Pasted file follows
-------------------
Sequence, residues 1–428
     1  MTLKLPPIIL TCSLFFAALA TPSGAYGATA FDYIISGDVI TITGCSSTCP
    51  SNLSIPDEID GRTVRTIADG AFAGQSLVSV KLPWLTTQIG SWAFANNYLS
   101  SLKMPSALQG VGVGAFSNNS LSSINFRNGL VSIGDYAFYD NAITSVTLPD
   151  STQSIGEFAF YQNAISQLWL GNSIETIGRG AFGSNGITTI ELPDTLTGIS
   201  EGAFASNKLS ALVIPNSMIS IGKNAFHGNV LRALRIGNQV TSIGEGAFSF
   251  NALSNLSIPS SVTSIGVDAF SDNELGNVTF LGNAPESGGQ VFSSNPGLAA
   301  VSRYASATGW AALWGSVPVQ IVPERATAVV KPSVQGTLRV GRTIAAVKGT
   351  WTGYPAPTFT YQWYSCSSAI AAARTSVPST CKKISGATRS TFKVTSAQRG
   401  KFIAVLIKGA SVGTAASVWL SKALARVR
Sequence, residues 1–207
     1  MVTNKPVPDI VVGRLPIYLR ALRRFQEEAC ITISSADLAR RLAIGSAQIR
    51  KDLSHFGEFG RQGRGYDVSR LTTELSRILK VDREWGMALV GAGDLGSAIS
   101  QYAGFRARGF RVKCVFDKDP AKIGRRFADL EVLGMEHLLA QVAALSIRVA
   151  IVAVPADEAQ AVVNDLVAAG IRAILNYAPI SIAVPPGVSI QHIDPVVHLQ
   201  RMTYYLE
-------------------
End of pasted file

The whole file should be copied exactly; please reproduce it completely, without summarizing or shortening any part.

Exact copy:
Sequence, residues 1–428
     1  MTLKLPPIIL TCSLFFAALA TPSGAYGATA FDYIISGDVI TITGCSSTCP
    51  SNLSIPDEID GRTVRTIADG AFAGQSLVSV KLPWLTTQIG SWAFANNYLS
   101  SLKMPSALQG VGVGAFSNNS LSSINFRNGL VSIGDYAFYD NAITSVTLPD
   151  STQSIGEFAF YQNAISQLWL GNSIETIGRG AFGSNGITTI ELPDTLTGIS
   201  EGAFASNKLS ALVIPNSMIS IGKNAFHGNV LRALRIGNQV TSIGEGAFSF
   251  NALSNLSIPS SVTSIGVDAF SDNELGNVTF LGNAPESGGQ VFSSNPGLAA
   301  VSRYASATGW AALWGSVPVQ IVPERATAVV KPSVQGTLRV GRTIAAVKGT
   351  WTGYPAPTFT YQWYSCSSAI AAARTSVPST CKKISGATRS TFKVTSAQRG
   401  KFIAVLIKGA SVGTAASVWL SKALARVR
Sequence, residues 1–207
     1  MVTNKPVPDI VVGRLPIYLR ALRRFQEEAC ITISSADLAR RLAIGSAQIR
    51  KDLSHFGEFG RQGRGYDVSR LTTELSRILK VDREWGMALV GAGDLGSAIS
   101  QYAGFRARGF RVKCVFDKDP AKIGRRFADL EVLGMEHLLA QVAALSIRVA
   151  IVAVPADEAQ AVVNDLVAAG IRAILNYAPI SIAVPPGVSI QHIDPVVHLQ
   201  RMTYYLE